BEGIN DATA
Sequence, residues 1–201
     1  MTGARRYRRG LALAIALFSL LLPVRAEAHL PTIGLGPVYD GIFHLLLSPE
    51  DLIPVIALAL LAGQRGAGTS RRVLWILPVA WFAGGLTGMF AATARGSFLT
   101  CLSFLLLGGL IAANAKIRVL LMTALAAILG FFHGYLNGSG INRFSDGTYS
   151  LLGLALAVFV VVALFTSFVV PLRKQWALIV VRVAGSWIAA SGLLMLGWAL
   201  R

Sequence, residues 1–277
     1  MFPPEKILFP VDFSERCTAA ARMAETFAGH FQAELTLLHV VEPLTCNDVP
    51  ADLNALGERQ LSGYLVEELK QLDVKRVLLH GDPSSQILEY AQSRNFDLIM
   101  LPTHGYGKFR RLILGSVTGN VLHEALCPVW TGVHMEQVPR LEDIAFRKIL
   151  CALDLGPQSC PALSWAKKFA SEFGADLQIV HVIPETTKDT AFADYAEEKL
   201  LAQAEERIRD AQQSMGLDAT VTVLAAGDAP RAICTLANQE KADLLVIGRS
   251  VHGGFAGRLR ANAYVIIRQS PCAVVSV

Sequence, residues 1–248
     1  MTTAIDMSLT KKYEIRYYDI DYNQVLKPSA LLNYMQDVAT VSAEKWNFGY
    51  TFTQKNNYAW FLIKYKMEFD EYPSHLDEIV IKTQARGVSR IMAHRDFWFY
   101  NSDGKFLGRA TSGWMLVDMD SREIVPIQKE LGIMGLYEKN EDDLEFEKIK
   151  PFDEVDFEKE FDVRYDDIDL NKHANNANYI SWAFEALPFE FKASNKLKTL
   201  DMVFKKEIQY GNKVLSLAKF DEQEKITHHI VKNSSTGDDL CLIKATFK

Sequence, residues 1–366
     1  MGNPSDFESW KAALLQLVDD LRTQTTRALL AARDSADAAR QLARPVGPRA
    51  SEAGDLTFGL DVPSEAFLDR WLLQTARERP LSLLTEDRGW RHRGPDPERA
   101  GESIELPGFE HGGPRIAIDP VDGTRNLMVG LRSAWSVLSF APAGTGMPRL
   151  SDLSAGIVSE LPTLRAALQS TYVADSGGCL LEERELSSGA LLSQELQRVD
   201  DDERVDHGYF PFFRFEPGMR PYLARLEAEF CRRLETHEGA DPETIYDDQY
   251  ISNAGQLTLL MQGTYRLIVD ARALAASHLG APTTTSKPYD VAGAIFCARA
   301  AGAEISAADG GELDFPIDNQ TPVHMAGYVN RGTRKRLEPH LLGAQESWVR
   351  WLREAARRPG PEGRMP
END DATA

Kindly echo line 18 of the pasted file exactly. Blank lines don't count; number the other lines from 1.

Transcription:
   151  PFDEVDFEKE FDVRYDDIDL NKHANNANYI SWAFEALPFE FKASNKLKTL